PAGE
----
Marital infidelity leads to the frequent impoverishment of the dumped spouse and helpless offspring. There’s more. In the case of the coach, there are the players that he recruited and an athletic director who stuck out his neck to bring coach on board in the first place, but these are extraordinary circumstances. While Americans have an unattractive fetish for individualism, we are all parts of neighborhoods, communities, families, and business associations. All of these are less effective when the bonds of trust are shattered. We depend on each other in many ways, or we should.

All of the above rings very hollow to the self-indulgent American consumer who recognizes no greater good than the personal good. What follows can best be described as an “on the fly” summary of the “wisdom from above.” Here’s what Christians traditionally think.

Marriage is, from the beginning, a permanent relationship between one man and one woman. Now some of you wise guys will hasten to point out that divorce and polygamy are both fixtures of life in the Old Testament. Let’s just get this out of the way. The Pharisees ask Jesus about the social customs.

And Jesus said to them, “Because of your hardness of heart he wrote you this commandment. But from the beginning of creation, ‘God made them male and female.’ ‘Therefore a man shall leave his father and mother and hold fast to his wife, and the two shall become one flesh.’ So they are no longer two but one flesh. What therefore God has joined together, let not man separate.” (Mark 10:5-9 ESV)

Whether or not there are exceptions is something you may fight about among yourselves. The Christian understanding of marriage is that it is dissolved only by death. Furthermore, those of us from a liturgical background recite each week the Nicene Creed, which recognizes the Holy Spirit as the “Lord and giver of life.” We recognize that, in the sexual act, there is a cooperation between God and humanity in the creation of life.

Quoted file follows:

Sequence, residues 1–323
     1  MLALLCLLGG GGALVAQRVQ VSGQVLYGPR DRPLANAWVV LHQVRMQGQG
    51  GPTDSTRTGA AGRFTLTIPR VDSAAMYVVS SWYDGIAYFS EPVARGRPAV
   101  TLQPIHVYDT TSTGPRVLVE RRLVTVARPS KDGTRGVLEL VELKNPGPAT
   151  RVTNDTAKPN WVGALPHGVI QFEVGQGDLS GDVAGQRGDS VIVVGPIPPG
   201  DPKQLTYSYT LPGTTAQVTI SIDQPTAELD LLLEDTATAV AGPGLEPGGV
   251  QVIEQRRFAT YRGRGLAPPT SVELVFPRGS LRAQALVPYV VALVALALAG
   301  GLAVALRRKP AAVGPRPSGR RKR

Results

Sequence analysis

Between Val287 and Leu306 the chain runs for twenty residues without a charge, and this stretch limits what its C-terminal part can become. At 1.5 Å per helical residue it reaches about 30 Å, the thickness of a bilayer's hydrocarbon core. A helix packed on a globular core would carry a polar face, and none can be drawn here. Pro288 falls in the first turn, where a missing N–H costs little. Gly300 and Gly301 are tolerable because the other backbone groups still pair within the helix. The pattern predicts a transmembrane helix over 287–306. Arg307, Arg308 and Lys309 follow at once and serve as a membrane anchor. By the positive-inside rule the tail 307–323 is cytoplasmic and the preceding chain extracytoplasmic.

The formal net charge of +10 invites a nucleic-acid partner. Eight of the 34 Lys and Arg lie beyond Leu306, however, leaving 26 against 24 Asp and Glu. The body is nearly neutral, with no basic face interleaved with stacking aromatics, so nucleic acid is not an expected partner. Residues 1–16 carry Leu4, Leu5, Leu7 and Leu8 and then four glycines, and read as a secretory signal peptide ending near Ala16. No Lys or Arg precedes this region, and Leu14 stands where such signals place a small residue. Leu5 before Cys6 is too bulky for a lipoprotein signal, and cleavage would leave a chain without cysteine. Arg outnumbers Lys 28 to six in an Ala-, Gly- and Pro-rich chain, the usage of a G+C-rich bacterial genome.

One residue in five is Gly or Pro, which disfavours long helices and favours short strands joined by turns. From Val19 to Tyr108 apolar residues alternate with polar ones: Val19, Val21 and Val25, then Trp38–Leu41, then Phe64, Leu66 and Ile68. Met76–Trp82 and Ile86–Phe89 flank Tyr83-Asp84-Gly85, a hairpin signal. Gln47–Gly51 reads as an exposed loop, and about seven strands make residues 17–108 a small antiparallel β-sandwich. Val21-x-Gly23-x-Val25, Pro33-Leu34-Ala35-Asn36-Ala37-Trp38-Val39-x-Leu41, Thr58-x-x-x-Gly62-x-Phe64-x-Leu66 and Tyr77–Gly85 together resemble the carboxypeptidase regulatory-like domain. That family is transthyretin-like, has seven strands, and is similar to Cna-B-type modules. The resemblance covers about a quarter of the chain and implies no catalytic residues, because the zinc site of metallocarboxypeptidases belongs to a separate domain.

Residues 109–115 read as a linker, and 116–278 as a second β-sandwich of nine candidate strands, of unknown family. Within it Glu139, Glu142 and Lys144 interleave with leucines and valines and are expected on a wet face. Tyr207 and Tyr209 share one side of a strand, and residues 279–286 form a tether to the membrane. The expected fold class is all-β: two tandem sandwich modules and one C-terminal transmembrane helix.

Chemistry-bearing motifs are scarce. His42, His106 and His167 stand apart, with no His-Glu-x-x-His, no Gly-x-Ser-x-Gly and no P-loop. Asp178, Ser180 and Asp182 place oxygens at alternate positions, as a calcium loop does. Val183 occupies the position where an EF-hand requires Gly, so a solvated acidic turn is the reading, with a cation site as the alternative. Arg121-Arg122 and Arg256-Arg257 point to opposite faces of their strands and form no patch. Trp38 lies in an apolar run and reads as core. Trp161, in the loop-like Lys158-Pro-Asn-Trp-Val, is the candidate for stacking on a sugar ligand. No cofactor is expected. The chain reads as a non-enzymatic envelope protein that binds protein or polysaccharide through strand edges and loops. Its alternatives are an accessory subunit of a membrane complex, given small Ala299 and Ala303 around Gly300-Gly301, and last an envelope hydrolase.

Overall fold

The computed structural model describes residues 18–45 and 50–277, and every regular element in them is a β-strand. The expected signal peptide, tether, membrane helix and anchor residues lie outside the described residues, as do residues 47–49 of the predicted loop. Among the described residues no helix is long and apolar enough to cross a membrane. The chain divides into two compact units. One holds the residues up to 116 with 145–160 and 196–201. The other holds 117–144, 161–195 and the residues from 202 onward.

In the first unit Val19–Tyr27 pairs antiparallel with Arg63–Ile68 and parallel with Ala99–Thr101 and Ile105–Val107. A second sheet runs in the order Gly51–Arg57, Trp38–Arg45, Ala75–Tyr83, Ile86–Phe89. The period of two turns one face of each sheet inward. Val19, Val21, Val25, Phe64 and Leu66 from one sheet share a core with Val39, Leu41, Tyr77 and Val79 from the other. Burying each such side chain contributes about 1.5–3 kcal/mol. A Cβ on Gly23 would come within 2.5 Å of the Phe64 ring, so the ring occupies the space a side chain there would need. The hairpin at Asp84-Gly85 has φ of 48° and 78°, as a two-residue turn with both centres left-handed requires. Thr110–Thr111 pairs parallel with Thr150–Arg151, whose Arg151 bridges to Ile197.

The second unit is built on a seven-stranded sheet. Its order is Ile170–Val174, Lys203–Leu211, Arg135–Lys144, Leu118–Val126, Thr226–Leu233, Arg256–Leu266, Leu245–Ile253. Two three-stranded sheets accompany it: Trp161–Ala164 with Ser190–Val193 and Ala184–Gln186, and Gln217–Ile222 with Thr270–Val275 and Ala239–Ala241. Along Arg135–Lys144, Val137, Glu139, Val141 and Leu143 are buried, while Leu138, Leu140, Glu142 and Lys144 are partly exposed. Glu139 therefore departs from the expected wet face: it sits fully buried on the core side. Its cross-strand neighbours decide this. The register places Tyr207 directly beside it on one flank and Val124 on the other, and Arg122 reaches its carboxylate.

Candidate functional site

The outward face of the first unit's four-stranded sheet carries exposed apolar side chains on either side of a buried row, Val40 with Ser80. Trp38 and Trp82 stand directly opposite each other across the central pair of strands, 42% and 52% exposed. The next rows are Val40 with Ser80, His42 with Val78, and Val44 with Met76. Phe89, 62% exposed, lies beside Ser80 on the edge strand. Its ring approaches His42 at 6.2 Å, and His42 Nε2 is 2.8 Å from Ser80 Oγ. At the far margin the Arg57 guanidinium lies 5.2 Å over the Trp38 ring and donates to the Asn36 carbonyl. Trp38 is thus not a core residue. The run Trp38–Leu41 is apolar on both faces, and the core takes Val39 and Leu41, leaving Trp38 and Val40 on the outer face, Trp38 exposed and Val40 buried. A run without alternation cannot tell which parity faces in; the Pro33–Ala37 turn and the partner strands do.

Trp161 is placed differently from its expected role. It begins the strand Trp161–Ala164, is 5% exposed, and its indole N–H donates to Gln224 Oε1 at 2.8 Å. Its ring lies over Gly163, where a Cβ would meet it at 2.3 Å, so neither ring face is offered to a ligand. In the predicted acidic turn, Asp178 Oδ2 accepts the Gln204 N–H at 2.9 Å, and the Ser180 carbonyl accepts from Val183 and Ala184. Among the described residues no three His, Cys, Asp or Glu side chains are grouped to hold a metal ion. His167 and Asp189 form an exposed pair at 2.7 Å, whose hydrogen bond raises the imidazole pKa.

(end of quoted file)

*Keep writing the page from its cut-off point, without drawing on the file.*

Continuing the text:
This absolutely forbids any concept of casual sex. For a Christian, it is simply impossible. Since there seems to be a certain “trashiness” associated with sex, it probably worth noting that God is pleased to be a part of our joy and happiness. This is also why so many Christians are emphatic about the sanctity of life.

So this makes me a hypocrite?

Perhaps, Although, if it matters, I am willing to recognize my own sinful nature and the need for a savior. Nonetheless, adultery is a sin. It is such a serious offense that Jesus says even looking at a woman with lust is the same thing as the sexual act (Matt 5:27-30). This is one characteristic, the absolute respect for other people as bearers of the divine image, that makes  Christianity a counter-cultural movement.

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2 Responses to “A few thoughts on the public attitude toward adultery”

  1. Scott Says:

    Many interesting points here. Too bad you had to stand up on the homophobic soapbox and wave a flag if only for a moment. …almost completely blew it.

    • patlynch Says:

      Scott, thanks for reading Glad Streams and, of course, for your comment. One always risks being misunderstood when attempting the use of humor. In this case, it was my sense of irony that caused me to point out that the most damaging public insult to the marital estate in the past few days was entirely due to the misdeeds of the “straights.” Try rereading with that in mind and see if it does not fit better.